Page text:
Vancouver's Relocation Guide 2017: Day tripper's delight

A wealth of recreational options within easy reach of Vancouver is one of the city’s big draws

The Stawamus Chief, a renowned rock climbing destination in Squamish, less than an hour's drive from Vancouver | Destination BC/Bob Young

When Susan Tomaine moved to Vancouver from New York City in 2007, she didn’t know much at all about the West Coast city or the region. She learned quickly. “People get up earlier here, people eat dinner earlier and people are way more active with different priorities and different lifestyles,” says Tomaine, a partner at the law firm Blake, Cassels & Graydon in Vancouver.

“I kept waiting for it to get hot, and it never did,” she says. “The winter was pretty dark.”

Tomaine decided to embrace her new setting and took a day trip up the Sea-to-Sky Highway to Whistler Blackcomb, the world-class ski resort just an hour and a half from downtown Vancouver. “I did a half-day ski lesson and learned how to ski.”

Tomaine fell in love with the idea of being able to get in a full day’s work and an evening of skiing on the same day on one of the local North Shore mountains.

“My friend and I got a pass to Cypress Mountain, and every Monday night after work we’d go up there and ski for a couple of hours,” she says.

“I was just chasing her down the hill, and then we’d go and have beers and it was fantastic,” she says. “I remember telling my friends back in New York, ‘You’re never going to believe what I did on a Monday night after a full work day: I went and skied on the mountain for three hours, a half-hour from downtown Vancouver.’”

Day trips from the city are a great way for Vancouver newbies to get their feet wet in the province’s deep pool of recreational outings, says Destination BC spokeswoman Fiona Tso.

One of the most popular day trips from Vancouver is Squamish, known as the Outdoor Recreation Capital of Canada and located about 65 kilometres north of Vancouver’s downtown core.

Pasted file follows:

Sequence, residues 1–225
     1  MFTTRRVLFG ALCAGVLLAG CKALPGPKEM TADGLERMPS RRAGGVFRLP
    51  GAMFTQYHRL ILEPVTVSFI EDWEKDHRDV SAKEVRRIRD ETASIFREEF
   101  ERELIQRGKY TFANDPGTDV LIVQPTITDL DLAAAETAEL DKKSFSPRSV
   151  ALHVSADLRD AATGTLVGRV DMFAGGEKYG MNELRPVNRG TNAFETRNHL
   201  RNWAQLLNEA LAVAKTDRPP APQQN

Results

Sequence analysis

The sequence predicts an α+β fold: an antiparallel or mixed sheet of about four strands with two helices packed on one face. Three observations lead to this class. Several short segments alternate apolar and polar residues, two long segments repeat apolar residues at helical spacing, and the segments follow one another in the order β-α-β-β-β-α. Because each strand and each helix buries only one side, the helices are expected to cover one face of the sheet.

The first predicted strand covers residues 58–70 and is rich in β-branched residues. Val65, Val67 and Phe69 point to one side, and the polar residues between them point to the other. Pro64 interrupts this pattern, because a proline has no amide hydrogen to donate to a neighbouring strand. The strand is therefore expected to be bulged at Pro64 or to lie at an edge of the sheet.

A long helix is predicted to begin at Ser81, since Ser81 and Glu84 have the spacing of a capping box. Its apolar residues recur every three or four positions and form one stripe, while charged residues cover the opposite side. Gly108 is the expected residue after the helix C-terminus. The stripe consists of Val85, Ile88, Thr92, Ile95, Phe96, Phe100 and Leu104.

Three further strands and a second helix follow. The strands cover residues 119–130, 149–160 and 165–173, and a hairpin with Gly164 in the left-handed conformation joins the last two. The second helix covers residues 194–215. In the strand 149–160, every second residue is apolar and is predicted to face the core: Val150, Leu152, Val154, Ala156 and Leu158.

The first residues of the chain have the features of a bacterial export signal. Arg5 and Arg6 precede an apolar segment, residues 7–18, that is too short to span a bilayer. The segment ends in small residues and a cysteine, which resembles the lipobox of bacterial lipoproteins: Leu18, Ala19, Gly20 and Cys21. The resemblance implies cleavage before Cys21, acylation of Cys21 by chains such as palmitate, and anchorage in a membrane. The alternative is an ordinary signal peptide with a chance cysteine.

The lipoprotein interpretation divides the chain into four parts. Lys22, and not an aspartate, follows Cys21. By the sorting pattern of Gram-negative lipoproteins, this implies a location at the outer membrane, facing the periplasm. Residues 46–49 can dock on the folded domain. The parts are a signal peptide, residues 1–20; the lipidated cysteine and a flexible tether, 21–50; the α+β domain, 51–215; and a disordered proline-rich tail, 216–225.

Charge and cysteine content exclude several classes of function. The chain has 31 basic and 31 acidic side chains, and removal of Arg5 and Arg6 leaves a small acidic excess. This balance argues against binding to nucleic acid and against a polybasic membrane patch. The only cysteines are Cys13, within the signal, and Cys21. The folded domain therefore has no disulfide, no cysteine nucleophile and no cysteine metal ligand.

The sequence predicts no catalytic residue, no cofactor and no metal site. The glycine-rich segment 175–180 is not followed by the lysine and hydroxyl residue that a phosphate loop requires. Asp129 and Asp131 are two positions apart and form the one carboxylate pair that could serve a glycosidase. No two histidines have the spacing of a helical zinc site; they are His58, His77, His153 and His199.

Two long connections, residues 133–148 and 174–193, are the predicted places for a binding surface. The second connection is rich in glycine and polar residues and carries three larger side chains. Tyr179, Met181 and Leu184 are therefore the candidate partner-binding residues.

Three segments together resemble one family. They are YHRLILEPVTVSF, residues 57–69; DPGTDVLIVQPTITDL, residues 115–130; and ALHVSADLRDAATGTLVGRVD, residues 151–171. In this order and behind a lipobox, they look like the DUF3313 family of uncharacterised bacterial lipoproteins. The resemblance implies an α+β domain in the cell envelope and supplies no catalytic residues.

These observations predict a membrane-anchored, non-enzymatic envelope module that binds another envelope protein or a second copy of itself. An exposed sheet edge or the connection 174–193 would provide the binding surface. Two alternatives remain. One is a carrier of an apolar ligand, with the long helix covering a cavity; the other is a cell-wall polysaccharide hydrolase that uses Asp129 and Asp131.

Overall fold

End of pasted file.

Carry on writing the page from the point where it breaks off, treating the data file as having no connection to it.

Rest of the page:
“Squamish has local provincial parks, rivers and the sparkling waters of Howe Sound,” Tso says. “And the town’s oceanfront, mountainside community is rich in railway, mining and forestry history.”

Tso says the community’s nature-loving residents and regional visitors make it a habit to go rock climbing, river rafting and mountain biking. The New York Times named Squamish in its list of 52 places to go in 2015.

On Vancouver Island, B.C.’s capital of Victoria offers a quainter and quieter experience than Metro Vancouver. Tso says Victoria is perfect for a day trip of sightseeing, shopping or whale watching, with short seaplane flights departing daily from Vancouver’s downtown harbour.

Other options include island hopping in the nearby Gulf Islands, enjoying a coastal drive along the Sunshine Coast or heading east for a dip at Harrison Hot Springs, all just a couple of hours from Vancouver – although best enjoyed over a long weekend.

World-class ski resort Whistler Blackcomb is just an hour-and-a-half drive from downtown Vancouver | Destination BC/Randy Lincks

Dave Banns is vice-president of the B.C. division at the Headhunters, a firm that specializes in recruiting top talent to Vancouver and other communities in the province. Attracting the best and brightest to Vancouver has a few unique challenges, but the city and its surrounding area help make his job easier, he says.

“Vancouver is great. It’s got the outdoors and it’s ranked well globally,” he says. “It’s safe.”

Banns says the biggest challenge he has is the city’s infamously high housing costs and the general cost of living. “I think everything has gone up.”

But for many newcomers the outdoor recreation options more than make up for the high costs, he says. “People love the outdoors. It’s beautiful.”

Banns says he often steers clients toward the many local golf courses and to the ski hills on the North Shore mountains, which are visible and accessible from downtown Vancouver.

Cypress Mountain is the Vancouver area’s biggest ski resort and Western Canada’s largest night-skiing operation, says Joffrey Koeman, director of sales and marketing at the North Shore resort, which offers daily clothing and equipment rentals and lessons for newcomers.

“We have 53 ski downhill runs, six chairlifts, 2,010 vertical feet, 19 kilometres of cross-country ski trails, 11 kilometres of snowshoe trails and a snow tube park,” he says. “We have something for everyone.”

It’s a short drive to Cypress Mountain from downtown Vancouver via the Lions Gate Bridge.

“The beauty of being in Vancouver is you can be on the mountain in 45 minutes,” Banns, the recruiter, says. “I’ve skied up at Whistler and been back down here to golf at the back end of the day. That’s pretty cool to be able to do that.”

He says Vancouver also serves well as a hub to destinations farther afield with direct flights from Vancouver to major cities in Canada, the U.S. and holiday destinations in Mexico and overseas.

Tomaine says that even though she’s been here for nine years, taking a BC Ferries ride to Victoria, the Sunshine Coast or the Gulf Islands is still “pretty novel and cool.”

When friends visit, Bowen Island, a mere 20-minute ferry ride away, is a great place to enjoy interesting restaurants and hiking, Tomaine says. She notes she was never a hiker until she moved to Vancouver.

“I still think that’s really fun.”